First post: up against a wall with pocket watch

Thread: First post: up against a wall with pocket watch

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  1. #1
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    First post: up against a wall with pocket watch

    This is what I know, if any of this is wrong please correct. This watch is a 14K full hunter case with an unsigned movement and face. The case has the collective responsibility mark no 2, the hammer with handle. With the number "39" inside the hammer head. Research tells me that this mark is pre 1966. The pre 1995 swiss gold mark is the "583 squirrel" with an "L" inside the stamp. That tells me that the assayers office was Le Locle. There is a crown style mark that I have not been able to attribute.

    This is a quarter repeater, lever type, with wire bell, there is a strange star shaped "gear" that sticks up from the movement and spins when the watch chimes.

    There is a repair date from 1984 scratch inside the movement back cover. The front cover has a serial number of 0572, and the back cover has a serial number of 20572.

    This is what I don't know.
    Who was registered the number "39" for the collective responsibility mark?
    Who were the prime contracts for this case maker?
    Is the movement identifiable in any way, as to age and house?

    As a side note I purchased this watch in Prague from a reputable dealer, in a small shop selling antique watches and clocks.

    Attached are several pictures that I hope will help.

    Any response will be helpful.
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  2. #2
    Member Eeeb's Avatar
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    Re: First post: up against a wall with pocket watch

    All of the markings you reference are for the case. They bear no relationship to the movement. These parts of the watch are often joined after the watch leaves the movement maker.

    As to the movement, it seems unique enough to be identified but the real experts will have to do that.

    Welcome to Vintage where puzzles produce posts pondering provenance.
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    ...that's just my opinion and I've been wrong before and will be again and might be now!

  3. #3
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    Re: First post: up against a wall with pocket watch

    I probably should have been more clear. What I am looking for is the name of the case manufacturer. I figure if I have that then I can look up who their main clients were, when they were/are in operation, and then determine who made the movement.

    Now if someone can identify the movement manufacture that would be great, but I'm kind of a research junkie so a gentle push in the right direction with the case makers name would be great.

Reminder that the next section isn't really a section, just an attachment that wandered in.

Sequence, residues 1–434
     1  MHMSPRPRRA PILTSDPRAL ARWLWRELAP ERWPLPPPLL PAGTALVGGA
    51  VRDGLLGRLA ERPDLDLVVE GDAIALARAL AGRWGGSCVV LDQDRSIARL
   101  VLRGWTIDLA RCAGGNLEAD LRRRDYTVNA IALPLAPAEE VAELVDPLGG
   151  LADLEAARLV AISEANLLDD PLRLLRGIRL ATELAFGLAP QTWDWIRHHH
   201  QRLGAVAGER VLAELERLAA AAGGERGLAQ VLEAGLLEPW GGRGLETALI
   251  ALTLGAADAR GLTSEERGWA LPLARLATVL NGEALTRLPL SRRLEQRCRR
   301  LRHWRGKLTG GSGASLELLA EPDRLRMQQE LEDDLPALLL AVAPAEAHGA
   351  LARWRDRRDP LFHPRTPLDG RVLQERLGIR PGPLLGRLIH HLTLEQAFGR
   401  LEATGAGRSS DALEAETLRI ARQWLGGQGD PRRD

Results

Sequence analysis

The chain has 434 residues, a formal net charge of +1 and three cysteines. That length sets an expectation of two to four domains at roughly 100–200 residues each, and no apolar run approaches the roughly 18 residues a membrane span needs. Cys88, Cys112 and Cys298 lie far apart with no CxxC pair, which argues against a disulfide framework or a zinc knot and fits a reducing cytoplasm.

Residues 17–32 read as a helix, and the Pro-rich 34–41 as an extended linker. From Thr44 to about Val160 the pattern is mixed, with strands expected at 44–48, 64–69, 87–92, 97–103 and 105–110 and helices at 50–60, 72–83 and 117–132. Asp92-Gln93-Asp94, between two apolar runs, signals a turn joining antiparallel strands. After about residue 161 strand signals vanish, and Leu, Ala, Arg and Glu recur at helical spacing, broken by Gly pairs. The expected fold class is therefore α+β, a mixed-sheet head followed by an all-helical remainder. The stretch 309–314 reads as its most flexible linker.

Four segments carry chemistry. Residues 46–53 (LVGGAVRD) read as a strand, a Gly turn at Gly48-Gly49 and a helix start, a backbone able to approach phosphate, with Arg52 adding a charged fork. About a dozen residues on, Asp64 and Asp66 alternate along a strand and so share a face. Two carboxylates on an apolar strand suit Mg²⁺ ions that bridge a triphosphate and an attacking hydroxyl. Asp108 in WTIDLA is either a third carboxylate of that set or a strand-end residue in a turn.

Chris

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  5. #4
    Member Marrick's Avatar
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    Re: First post: up against a wall with pocket watch

    According to:

    http://www.thehourlounge.com/thread/...952_38952.html

    39 should be Jeangros Freres & Cie. But that should be in 'Poinçon de Maître No. 3, FFBA Marquee', not the hammer. Hope that helps a bit.
    Everybody is ignorant, only on different subjects."

    Will Rogers (1879 - 1935)


    Please don't PM me to ask for a valuation - I won't attempt one.

  6. #5
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    Re: First post: up against a wall with pocket watch

    Does anyone know where I can get or see an index of case makers registered with the "Poinçon de Maître No. 2, Hammer with handle?"

  7. #6
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    Re: First post: up against a wall with pocket watch

    I'm a WUS lurker, so I'm sorry for jumping in ahead of the experts. But the star-shaped gear that turns when you activate the repeater complication may suggest that this watch movement originally powered an automaton case with some form of dial movement. If so, identifying the maker of this particular case may not be terribly useful as a lead in identifying the maker of the movement, as the current case and movement may not have been originally matched.

    Please take my comments with a grain of sale... I'm NOT a vintage expert!

  8. #7
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    Re: First post: up against a wall with pocket watch

    You know the idea that the movement and case are a marriage, did occure to me. But the two are very solid together. If it is a marriage then it's a good one. I hadn't even thought that the movement might be from an automaton watch. But with that star shaped "end piece" it would make sense, it doesn't really do anything except spin fast when the repeater is activated. I wonder if anyone else on the fourm could hazard a guess as to the movement's maker.

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